That's why i was asking about the crop factors and focal lengths - to see if i had my math right and would get a roughly equivalent image size/quality on each camera. I don't need my footage to be exact and perfectly identical, if i can get them even kinda looking alike, i'll be happy - i'm not aiming for any festivals or competitions or anything, just youtube at best right now - so mostly looking to publish on small screens. If i've misunderstood the G7's sensor's capabilities though and/or the maths of the crop factors please tell me lol. I'm not averse to using two of the same camera brand btw, The SL2 is perfectly serviceable, it would meet my B cam requirements for the most part, but it's $300 more expensive than the G7 kit.

Do you think maybe i'd be better off if i do purchase 2 cameras to stick purely with Canon wares?

Last edited by PlatypocalypseNow; 10-05-2017 at 02:58 AM. Reason: Double posted
PlatypocalypseNow is offline   Reply With Quote
Old 10-04-2017, 01:38 PM   #4
WalterB
Basic Member
 
Join Date: Feb 2010
Location: Rotterdam Area, The Netherlands
Posts: 3,354
It makes no sense.

Matching 2 brands of cameras can be a PITA if you have no knowledge of colorgrading.
Your motivation seems to come from 'it's a good deal' instead of a sensible decision.
2 different cameras means you need more lenses or an adapter for the G7.

What you can do it: get them, try which one you like best. Sell the other one. Use that money on lenses or whatever.

The difference: color science, image quality, noise, depth of field. Things you can't fix with lenses and calculations.

Last edited by WalterB; 10-04-2017 at 01:40 PM.
WalterB is online now   Reply With Quote
Old 10-04-2017, 07:34 PM   #5
AcousticAl
Basic Member
 
Join Date: Nov 2012
Location: South of the Mason-Dixon
Posts: 494
Do you need 4K? I'd guess probably not.

The differences between the two cameras are many: color science, image sensor size (APS-C is larger than Micro 4/3, but your larger sensor here is gathering 1080p while the smaller one does 4K) which means a difference in crop factor for focal lengths... you'll have a hell of a time trying to match them if you're running them on a 2-cam shoot.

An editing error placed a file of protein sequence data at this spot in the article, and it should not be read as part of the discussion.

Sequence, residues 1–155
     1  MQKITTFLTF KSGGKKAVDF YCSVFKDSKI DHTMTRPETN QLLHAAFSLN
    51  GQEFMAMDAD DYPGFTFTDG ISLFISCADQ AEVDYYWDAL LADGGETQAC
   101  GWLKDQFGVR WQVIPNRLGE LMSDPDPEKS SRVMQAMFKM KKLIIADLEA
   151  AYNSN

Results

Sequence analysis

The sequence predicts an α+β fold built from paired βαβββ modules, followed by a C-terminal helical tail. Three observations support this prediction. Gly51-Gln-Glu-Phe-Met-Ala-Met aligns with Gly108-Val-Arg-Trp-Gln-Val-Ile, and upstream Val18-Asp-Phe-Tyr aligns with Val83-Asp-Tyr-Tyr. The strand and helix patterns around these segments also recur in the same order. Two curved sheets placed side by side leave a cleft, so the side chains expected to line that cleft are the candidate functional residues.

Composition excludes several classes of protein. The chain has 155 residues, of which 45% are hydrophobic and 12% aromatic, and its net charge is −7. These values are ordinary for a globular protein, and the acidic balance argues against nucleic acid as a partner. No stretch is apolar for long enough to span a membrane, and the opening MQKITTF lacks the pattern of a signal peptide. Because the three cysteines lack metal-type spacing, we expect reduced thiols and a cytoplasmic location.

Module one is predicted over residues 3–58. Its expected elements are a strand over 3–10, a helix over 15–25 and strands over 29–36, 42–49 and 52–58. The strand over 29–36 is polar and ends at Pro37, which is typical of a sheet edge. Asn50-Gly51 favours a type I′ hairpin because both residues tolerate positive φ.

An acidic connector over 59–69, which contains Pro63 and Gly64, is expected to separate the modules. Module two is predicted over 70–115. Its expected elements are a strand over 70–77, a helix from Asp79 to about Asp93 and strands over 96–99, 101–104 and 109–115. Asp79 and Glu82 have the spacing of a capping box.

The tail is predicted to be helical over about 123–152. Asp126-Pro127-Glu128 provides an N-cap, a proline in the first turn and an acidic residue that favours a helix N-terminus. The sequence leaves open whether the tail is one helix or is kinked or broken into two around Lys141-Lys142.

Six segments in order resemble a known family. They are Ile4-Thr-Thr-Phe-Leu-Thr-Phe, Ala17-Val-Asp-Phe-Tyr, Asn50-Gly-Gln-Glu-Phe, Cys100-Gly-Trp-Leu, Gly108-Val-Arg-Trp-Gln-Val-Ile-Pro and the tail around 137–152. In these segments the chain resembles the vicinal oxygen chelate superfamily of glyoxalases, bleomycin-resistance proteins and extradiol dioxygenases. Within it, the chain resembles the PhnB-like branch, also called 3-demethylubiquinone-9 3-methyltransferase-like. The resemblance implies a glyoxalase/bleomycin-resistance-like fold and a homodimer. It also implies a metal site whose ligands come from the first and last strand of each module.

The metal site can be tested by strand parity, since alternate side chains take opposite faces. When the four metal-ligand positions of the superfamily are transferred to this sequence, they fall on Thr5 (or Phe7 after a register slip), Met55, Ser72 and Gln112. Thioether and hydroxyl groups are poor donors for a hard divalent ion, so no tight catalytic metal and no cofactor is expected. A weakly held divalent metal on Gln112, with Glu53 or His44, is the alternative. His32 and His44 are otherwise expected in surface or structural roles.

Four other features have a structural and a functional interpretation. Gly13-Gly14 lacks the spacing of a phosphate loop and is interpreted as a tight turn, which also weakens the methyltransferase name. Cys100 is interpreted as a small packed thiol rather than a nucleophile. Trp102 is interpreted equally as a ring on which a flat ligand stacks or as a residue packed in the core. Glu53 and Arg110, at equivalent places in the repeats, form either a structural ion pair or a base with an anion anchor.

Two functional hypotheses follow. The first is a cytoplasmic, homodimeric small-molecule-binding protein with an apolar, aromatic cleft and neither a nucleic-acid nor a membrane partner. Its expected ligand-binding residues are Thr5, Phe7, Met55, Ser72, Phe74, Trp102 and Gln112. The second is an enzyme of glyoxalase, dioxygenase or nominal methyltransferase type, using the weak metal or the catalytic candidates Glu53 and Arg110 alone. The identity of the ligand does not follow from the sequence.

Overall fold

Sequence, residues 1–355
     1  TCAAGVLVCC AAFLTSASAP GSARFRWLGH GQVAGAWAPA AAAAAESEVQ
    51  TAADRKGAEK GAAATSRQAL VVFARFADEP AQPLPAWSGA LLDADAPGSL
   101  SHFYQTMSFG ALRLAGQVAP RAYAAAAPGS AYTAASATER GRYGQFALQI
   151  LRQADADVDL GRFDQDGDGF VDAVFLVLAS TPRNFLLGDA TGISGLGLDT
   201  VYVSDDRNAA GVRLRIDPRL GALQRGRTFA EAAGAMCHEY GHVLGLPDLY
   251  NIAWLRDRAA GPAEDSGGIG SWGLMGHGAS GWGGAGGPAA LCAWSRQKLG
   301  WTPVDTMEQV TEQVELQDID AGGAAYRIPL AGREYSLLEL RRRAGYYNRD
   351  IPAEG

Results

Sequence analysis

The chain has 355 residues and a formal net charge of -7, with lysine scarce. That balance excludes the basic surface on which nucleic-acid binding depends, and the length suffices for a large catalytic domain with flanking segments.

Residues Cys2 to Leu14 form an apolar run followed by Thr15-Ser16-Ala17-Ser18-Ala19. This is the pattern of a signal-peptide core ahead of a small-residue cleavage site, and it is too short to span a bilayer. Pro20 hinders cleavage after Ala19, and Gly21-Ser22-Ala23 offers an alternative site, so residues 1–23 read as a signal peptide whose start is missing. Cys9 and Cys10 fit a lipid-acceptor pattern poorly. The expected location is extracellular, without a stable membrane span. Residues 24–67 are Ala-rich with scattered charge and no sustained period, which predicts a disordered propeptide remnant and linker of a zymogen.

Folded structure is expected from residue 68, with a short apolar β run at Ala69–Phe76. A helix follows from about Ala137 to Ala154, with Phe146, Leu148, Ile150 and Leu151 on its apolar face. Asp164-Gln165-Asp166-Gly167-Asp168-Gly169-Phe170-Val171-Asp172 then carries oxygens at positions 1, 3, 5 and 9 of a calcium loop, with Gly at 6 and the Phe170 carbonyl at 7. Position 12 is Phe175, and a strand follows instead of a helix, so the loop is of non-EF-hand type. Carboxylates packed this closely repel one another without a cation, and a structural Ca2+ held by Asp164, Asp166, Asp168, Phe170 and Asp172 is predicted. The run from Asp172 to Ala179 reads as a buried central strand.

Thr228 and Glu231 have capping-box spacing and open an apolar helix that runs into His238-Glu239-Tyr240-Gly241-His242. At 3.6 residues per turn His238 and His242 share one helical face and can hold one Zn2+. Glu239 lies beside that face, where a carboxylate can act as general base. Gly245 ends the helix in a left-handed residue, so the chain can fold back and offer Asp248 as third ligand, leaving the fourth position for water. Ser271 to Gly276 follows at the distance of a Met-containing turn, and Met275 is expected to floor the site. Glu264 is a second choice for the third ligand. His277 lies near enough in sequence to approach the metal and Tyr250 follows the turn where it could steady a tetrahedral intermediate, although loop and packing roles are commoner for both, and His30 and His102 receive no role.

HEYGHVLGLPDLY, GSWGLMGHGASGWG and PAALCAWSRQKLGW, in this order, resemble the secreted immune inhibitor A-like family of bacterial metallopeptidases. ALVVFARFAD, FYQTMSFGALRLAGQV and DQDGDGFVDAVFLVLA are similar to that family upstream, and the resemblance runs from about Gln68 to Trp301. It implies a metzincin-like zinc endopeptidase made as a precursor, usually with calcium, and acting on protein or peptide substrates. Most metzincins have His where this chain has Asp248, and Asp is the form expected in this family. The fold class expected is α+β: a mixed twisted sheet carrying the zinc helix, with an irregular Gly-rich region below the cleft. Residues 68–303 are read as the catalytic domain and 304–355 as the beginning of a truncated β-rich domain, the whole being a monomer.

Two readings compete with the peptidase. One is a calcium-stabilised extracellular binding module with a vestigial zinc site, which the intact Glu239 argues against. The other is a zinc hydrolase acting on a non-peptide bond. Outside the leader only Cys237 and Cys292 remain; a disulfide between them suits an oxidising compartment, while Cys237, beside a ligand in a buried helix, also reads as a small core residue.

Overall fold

If you don't need 4K but you feel like you wanna have two cameras on some shoots, grab a couple of EOS-80D bodies. People like to crap on DSLR nowadays, especially Canon, because they've largely moved on to Canon cinema-series or to BMD or DVX-200 or EVA1... but the 80D is a capable camera that'll make good pictures in the right hands (in the wrong hands, any camera's gonna suck).
AcousticAl is offline   Reply With Quote
Old 10-05-2017, 02:56 AM   #6
PlatypocalypseNow
Basic Member
 
Join Date: Oct 2017
Location: Australia
Posts: 5
Thanks for the input guys, these are the kinds of responses i was looking for

I think my questions may have been misleading however, i'm not interested in both camera's capturing the exact same focal length/camera angle, I'm interested in getting two angles with a roughly similar colour scheme where necessary to provide wide coverage of a scene, i don't want identical focal length for every shot either, or any to be honest, i just need to know if those lenses would give me an equivalent focal range to work with on each camera and find my desired shots.

To be fair though, you guys are absolutely spot on with your assessments otherwise, WalterB - it IS going to be a pain in the butt for me to learn how to properly colour correct footage, but that's no reason for me not to try is it? plus it seems like a handy skill to have under my belt, more and more movies and TV shows use footage from different camera brands these days, it seems a reasonable thing to learn about and practice, even if i end up doing a poor job lol.

And apologies to you, AcousticAl, i wasn't sure what you meant by "mismatched" at all, lol, but i do understand the basic differences between M-4/3rds, APS-C, full-frame etc. and crop factors, and as i said above - i don't need the same focal length for all my shots, i just want to have the same basic range available to me on both camera's while im starting out.